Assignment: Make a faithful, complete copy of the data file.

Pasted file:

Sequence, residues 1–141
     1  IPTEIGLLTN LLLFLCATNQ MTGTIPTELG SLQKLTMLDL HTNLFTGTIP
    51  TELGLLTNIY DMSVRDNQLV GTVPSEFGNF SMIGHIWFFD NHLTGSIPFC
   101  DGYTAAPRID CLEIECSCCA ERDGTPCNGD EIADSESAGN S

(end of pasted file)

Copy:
Sequence, residues 1–141
     1  IPTEIGLLTN LLLFLCATNQ MTGTIPTELG SLQKLTMLDL HTNLFTGTIP
    51  TELGLLTNIY DMSVRDNQLV GTVPSEFGNF SMIGHIWFFD NHLTGSIPFC
   101  DGYTAAPRID CLEIECSCCA ERDGTPCNGD EIADSESAGN S